Healthy anger is marked by assertive communication. In a healthy spell of anger, a young person can (and will!) honestly, directly and clearly tell someone else what happened that bothered them and make a specific request for that behavior to change or for amends to be made. In some situations, this kind of communication is not an option and so a young person may make a conscious decision to distance themselves from the anger source or to “let go” of their angry feelings. For example, in a school setting, students often don’t have the social power to be able to be 100% honest and assertive with a teacher they believe has treated them unfairly. Making a choice to pick their battles and let a minor injustice go is a mature, emotionally measured, and solution-focused way to make a bad situation bearable.
Problematic anger happens when an angry young person violates the rights of others through some sort of physical aggression, verbal outburst, or backhanded means of revenge. Problematic anger is all about getting back at someone else and hurting them, while constructive anger is about solving a problem.
How can I help a child who has anger issues?
Any person at any age can learn that they have choices when it comes to how to express anger. The good news is that just as aggression is a learned behavioral choice for expressing anger, so is assertiveness. This knowledge is power. When young people realize that their choices are bringing them results that they don’t want—scoldings, time outs, loss of privileges, restrictions on free time—they are often eager to learn better choices and strategies for expressing their angry feelings.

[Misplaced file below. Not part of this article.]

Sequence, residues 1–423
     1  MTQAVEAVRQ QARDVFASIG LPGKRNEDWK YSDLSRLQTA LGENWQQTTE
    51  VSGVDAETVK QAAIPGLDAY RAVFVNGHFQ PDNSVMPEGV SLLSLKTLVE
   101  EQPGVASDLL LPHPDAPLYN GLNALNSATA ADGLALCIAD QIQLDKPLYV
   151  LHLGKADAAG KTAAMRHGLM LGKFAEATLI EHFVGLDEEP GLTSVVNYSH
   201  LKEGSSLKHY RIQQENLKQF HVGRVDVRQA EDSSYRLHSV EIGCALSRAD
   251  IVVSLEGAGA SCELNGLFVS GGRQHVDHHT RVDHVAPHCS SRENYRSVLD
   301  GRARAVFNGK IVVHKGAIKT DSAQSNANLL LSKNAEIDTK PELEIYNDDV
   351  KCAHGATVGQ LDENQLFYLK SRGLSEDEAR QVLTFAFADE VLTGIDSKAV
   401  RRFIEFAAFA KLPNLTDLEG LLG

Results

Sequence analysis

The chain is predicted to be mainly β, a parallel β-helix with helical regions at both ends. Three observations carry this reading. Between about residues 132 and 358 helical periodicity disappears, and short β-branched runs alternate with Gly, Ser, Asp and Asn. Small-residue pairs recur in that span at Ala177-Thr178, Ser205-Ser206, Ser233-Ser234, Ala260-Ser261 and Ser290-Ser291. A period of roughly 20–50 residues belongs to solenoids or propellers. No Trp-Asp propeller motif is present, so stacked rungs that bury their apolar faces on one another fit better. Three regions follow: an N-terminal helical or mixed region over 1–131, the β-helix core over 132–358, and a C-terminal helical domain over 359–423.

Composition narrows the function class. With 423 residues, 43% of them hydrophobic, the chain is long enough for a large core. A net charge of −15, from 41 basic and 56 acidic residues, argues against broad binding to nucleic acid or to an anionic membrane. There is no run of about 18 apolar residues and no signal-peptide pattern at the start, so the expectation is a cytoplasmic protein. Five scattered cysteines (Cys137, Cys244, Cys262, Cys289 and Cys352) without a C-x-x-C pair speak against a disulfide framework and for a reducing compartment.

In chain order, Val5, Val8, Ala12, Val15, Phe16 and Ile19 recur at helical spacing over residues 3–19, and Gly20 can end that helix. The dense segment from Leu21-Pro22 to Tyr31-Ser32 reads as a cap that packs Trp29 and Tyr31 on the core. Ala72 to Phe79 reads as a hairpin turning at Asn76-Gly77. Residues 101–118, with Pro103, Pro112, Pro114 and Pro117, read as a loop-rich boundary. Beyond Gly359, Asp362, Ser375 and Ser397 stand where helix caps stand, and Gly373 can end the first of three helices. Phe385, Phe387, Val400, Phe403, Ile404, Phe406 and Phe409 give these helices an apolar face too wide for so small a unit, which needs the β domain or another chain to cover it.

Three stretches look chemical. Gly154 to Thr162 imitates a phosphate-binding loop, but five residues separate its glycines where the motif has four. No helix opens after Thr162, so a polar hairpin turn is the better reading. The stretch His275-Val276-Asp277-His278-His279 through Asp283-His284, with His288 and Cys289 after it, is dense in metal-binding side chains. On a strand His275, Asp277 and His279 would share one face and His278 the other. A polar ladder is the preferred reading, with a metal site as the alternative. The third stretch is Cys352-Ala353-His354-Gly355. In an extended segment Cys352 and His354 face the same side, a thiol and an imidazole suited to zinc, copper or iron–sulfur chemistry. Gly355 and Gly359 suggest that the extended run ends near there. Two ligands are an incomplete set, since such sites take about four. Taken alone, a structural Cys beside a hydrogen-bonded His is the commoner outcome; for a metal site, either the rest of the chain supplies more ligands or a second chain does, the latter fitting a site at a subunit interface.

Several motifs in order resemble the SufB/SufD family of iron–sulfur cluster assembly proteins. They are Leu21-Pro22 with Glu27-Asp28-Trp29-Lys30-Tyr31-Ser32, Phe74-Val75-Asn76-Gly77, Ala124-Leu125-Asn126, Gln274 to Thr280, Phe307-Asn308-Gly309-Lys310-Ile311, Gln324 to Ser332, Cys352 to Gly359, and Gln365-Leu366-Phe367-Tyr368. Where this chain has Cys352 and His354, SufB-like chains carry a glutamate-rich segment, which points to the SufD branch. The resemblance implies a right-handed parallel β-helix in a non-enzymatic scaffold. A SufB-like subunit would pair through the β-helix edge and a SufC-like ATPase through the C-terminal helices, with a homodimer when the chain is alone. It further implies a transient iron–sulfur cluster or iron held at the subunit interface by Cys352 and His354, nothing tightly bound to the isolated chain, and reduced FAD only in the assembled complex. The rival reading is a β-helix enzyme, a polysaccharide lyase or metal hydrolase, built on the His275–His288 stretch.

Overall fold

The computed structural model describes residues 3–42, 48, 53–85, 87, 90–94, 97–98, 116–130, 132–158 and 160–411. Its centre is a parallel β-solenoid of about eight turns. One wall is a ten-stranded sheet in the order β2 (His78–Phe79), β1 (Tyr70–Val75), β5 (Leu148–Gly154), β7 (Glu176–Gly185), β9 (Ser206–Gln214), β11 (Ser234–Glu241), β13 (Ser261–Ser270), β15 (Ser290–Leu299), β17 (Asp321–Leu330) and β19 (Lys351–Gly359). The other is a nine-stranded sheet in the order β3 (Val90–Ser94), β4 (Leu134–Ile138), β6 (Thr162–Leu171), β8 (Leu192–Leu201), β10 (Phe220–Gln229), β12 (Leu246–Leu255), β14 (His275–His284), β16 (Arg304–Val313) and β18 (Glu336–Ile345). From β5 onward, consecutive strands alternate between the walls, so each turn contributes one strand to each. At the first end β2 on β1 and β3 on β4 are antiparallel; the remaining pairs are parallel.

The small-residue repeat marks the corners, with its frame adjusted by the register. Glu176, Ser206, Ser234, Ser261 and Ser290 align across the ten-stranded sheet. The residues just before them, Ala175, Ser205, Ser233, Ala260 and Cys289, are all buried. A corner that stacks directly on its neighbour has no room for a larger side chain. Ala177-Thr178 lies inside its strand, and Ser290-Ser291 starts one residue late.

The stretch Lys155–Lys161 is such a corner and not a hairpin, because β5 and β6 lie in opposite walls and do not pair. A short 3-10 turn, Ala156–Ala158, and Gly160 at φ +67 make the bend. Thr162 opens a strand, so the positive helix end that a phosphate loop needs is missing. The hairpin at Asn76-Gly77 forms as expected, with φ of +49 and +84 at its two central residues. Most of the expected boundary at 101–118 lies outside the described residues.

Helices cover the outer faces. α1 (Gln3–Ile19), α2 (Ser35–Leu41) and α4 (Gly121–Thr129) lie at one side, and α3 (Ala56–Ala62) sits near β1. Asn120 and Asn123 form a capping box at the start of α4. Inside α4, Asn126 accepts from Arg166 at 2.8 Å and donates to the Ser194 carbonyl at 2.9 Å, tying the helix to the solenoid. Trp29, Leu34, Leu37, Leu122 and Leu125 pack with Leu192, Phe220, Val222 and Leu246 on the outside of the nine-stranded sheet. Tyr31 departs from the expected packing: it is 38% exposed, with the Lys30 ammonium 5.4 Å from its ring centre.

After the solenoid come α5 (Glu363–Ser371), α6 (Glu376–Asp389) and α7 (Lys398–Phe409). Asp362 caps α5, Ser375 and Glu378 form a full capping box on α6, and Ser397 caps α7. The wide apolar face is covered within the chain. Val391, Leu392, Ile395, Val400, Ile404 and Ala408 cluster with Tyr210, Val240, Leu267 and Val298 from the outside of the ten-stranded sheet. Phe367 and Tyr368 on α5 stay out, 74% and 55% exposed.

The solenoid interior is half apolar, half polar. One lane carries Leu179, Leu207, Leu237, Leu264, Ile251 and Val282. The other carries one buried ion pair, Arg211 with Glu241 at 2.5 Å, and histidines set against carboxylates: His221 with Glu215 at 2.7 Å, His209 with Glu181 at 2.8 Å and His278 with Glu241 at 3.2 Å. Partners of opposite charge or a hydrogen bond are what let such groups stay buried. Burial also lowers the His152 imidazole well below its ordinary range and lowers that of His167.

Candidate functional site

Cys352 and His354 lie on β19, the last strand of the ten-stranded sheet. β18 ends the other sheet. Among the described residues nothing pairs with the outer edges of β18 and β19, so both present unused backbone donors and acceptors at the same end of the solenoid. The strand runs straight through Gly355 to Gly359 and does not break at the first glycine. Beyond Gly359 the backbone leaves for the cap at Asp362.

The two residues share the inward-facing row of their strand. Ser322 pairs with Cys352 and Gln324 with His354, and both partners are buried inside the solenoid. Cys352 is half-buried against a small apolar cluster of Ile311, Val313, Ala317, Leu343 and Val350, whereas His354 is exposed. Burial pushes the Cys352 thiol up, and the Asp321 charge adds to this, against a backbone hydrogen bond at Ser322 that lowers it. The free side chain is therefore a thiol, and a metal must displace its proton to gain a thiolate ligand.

Physical strategies such as engaging in sports, exercise, mindfulness, and yoga are proven effective in helping young people learn to calm their brains and gain greater control over their choices in healthy behaviors.
As a mental health professional and school counselor, I encourage all schools to incorporate emotion management skills as part of the regular curriculum. Since we know that emotional well-being is a prerequisite for academic success, it only makes sense that schools make so-called “soft” skills such as problem-solving, conflict resolution, and assertive communication a part of their regular skills curriculum. Prevention is our very best bet for helping young people solve their anger issues before they become lifelong patterns.
And finally, timing is everything when it comes to helping a young person who expresses their anger in destructive ways. elling a person that they have “anger issues” during a fit of rage is pretty much guaranteed to worsen the problem. The child’s emotional brain is dominating their actions and they are not able to effectively access the logical, thinking part of their brain that allows them to make good choices. For a young person to truly understand that their way of expressing anger is a problem for them (and for those around them!), they have to be calm enough to be able to clearly comprehend the costs of their destructive anger expression. Helping a child learn how to thoroughly calm down from a bout of anger is one of the most valuable skills an adult can teach. Listening (read: not talking) while a young person puts their feelings into words after (and only after) they have calmed down is a lasting way to help kids learn to understand and manage their angry feelings.